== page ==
spread the word, I have had many times when, "I Love to Tell the Story" sang in my mind.
I became a believer in the efficacy of psychotherapy many years ago during the divorce I mentioned at the beginning
of this. I saw a therapist for quite some time and resolved a major issue in my life. I have always been glad I had
therapy and have assured others who were hesitant about it that they would probably be glad, too.
I couldn't imagine then, however, that one day I would also be a believer in past lives, and would bring these two interests
together by writing about a form of psychotherapy called Past Life Therapy. I must admit I've wondered what
Dr. Hugh T. Carmichael, the Chicago psychoanalyst I saw would think of my activities on behalf of past life
therapy. If he were still living I doubt that he'd be use it. I like to think though that if he's passed
on he would now have the perspective to be pleased.
I remember a heated verbal sparring match I had years ago with a minister after he impatiently dismissed my notion
of treating emotional ills with past life therapy. Many years after that Jess Stearn delineated how one woman, world
famous author Taylor Caldwell, did just that. I can still recall being almost beside myself because the minister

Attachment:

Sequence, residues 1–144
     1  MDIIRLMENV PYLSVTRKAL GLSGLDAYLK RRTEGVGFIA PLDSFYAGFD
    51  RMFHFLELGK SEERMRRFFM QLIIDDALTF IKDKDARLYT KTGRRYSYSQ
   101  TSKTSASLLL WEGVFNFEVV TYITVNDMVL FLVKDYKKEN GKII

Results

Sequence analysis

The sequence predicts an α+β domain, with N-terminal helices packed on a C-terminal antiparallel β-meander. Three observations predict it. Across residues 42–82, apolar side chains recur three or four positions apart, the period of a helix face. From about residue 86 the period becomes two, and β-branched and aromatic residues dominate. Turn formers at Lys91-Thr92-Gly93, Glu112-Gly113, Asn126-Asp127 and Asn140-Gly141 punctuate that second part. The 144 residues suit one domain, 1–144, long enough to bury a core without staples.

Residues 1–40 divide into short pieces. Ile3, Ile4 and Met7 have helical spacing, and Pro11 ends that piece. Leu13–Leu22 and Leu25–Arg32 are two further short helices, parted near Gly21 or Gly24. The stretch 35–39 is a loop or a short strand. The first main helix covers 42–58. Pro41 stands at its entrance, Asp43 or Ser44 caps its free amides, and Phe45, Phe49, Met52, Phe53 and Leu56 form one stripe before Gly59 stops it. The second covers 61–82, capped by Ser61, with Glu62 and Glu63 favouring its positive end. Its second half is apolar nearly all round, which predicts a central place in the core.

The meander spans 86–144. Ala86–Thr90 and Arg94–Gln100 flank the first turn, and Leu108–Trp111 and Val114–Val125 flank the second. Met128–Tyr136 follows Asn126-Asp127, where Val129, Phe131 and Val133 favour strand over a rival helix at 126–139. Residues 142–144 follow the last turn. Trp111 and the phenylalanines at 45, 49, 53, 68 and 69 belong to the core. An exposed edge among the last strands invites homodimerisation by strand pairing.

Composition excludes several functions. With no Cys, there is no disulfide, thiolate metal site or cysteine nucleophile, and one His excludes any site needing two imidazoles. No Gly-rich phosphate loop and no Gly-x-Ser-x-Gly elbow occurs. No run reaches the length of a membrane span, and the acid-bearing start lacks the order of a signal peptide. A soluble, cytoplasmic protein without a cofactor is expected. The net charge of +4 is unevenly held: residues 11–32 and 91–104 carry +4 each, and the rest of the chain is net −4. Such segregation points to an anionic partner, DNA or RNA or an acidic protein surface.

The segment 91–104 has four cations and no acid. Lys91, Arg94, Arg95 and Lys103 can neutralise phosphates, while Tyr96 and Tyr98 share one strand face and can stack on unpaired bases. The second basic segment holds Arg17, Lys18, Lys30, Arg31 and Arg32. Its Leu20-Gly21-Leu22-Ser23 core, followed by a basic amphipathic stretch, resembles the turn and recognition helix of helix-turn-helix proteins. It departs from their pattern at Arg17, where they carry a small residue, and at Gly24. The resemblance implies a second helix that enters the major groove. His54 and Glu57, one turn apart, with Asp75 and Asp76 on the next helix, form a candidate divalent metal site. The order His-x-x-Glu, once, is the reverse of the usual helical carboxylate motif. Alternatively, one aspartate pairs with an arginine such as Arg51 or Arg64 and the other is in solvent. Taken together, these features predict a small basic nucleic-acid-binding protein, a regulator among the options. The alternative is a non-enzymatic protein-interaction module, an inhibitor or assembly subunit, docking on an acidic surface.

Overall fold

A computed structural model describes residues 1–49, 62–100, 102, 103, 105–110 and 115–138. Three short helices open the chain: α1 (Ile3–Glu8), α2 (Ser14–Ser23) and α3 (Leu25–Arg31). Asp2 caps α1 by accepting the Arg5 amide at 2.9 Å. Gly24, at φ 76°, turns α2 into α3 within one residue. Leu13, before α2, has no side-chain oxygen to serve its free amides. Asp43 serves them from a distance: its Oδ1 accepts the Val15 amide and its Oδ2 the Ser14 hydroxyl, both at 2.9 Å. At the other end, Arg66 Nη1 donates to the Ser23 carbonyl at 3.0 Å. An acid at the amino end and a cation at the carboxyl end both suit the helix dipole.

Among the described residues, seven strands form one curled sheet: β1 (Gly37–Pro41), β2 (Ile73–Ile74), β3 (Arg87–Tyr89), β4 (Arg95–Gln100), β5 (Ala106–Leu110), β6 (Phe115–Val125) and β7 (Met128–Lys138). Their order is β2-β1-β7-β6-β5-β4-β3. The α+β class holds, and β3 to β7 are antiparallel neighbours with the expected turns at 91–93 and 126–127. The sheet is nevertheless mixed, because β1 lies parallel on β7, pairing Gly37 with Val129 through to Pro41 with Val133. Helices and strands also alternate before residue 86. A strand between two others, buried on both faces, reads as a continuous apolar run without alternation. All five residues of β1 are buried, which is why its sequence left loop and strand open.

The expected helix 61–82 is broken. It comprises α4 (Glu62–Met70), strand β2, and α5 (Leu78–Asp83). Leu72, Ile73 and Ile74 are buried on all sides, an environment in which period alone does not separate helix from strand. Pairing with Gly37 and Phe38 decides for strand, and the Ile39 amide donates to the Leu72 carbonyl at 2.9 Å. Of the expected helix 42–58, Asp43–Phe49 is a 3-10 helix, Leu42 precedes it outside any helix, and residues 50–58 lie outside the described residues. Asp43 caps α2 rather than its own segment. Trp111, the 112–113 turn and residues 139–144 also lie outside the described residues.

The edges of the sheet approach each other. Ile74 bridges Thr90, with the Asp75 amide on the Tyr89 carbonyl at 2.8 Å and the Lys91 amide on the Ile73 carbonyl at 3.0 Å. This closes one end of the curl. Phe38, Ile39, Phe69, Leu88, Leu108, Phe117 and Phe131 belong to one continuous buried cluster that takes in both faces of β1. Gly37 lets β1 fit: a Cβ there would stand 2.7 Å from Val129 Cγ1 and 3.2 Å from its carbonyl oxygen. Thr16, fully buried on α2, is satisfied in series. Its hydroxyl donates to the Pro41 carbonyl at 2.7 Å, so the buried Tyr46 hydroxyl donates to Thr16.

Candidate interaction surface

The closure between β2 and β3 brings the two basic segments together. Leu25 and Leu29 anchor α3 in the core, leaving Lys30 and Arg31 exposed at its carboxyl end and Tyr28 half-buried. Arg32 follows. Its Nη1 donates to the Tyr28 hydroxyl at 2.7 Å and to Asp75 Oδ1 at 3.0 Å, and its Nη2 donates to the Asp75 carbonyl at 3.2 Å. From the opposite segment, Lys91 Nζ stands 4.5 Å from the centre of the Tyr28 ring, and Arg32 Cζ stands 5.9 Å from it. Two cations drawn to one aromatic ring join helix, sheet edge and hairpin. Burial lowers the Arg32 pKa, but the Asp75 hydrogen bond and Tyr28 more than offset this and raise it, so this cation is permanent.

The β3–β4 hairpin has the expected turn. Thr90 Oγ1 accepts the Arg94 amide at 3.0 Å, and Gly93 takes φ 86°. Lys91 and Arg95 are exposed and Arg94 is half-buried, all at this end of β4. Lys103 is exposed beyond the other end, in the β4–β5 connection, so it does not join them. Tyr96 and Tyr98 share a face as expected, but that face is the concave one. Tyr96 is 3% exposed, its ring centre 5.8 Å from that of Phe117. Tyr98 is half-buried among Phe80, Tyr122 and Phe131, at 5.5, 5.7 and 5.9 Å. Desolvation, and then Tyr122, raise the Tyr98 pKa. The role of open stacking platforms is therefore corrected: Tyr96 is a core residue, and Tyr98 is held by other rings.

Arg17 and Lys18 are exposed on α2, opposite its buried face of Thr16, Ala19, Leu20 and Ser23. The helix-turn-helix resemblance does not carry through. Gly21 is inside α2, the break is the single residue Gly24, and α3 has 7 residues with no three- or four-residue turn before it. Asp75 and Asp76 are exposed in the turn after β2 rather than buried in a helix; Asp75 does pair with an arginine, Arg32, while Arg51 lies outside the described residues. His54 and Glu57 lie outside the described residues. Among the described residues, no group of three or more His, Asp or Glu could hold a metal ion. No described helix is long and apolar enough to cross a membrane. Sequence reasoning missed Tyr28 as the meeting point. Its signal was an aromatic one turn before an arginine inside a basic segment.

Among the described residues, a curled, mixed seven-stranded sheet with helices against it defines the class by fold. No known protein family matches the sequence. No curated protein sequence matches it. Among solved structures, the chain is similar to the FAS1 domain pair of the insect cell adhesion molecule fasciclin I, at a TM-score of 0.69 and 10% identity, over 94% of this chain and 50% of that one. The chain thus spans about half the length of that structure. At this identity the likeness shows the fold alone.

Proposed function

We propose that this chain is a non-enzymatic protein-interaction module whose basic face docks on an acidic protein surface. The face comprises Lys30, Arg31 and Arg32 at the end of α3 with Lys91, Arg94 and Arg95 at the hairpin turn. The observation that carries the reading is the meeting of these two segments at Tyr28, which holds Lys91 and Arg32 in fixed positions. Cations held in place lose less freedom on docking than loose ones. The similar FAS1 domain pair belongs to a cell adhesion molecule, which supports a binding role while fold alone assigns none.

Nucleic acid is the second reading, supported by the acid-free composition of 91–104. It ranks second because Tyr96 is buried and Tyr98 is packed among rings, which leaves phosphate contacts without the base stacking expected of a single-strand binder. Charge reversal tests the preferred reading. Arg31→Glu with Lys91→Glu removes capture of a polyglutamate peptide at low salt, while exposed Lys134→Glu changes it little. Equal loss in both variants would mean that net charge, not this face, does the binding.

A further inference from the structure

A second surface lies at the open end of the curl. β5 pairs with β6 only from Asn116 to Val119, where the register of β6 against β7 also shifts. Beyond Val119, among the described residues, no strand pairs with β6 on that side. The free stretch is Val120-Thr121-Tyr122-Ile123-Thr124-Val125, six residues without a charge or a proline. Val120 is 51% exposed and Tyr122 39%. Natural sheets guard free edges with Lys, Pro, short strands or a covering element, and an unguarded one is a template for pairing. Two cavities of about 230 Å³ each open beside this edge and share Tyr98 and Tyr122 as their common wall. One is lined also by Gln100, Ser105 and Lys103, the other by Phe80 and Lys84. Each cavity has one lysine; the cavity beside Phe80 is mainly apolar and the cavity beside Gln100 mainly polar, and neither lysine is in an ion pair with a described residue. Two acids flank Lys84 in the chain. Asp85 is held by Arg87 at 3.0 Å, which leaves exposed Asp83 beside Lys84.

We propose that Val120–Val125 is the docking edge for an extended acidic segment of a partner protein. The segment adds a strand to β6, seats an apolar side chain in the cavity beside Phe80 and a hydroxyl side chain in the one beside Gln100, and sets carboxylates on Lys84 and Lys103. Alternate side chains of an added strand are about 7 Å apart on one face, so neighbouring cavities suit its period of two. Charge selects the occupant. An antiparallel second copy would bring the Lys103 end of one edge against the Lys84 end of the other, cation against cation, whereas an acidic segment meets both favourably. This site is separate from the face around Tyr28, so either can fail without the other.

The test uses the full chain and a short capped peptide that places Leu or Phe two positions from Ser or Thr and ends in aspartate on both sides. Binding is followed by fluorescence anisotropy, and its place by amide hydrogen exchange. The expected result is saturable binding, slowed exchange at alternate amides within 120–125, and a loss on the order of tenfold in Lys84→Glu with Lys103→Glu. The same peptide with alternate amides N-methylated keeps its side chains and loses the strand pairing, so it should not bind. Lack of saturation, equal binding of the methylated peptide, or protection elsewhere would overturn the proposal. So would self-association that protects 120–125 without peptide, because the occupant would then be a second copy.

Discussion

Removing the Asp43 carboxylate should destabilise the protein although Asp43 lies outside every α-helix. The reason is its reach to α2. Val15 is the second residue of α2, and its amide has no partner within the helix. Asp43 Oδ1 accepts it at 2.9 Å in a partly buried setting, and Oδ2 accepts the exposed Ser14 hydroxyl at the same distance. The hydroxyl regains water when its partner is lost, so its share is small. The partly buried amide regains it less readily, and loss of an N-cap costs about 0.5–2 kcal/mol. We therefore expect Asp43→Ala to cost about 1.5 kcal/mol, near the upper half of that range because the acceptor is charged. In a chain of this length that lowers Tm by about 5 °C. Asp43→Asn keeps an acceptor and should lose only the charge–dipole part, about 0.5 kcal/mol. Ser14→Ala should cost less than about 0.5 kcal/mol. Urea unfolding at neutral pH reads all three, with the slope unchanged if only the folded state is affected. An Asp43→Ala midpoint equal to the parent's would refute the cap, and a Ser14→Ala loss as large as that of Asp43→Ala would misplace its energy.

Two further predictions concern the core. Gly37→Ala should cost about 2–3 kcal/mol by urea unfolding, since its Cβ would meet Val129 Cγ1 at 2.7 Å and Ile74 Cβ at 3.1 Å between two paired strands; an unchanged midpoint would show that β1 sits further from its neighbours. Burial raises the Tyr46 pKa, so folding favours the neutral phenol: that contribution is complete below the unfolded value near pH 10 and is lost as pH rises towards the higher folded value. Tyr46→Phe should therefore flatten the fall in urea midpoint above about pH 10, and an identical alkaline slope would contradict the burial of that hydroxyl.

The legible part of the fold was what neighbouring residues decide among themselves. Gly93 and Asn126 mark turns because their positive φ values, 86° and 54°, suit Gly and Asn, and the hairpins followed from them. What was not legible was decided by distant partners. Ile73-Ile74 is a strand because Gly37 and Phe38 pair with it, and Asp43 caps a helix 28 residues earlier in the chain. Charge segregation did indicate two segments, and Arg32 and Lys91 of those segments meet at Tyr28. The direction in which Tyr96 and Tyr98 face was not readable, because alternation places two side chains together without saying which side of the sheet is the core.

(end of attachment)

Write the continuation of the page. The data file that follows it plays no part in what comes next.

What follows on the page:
friend would not even try to see the possibility of such a thing. I'm sure he must have been as baffled by
my very emotional presentation of the idea as I was by what I thought was his unreasonableness.
For the past several years I have interviewed Past Life therapists with the idea of putting these interviews
together as a book. Interviewing these therapists has been inspiring. So have their stories about their clients.
I believe their stories will have the same effect on others. Some of the interviews in this book have appeared in
print in a newsletter about Past Life therapy and have been popular with its professional readers over the past few years.
There is no hard evidence that can prove the existence of past lives, but one can make a case for the inner consistency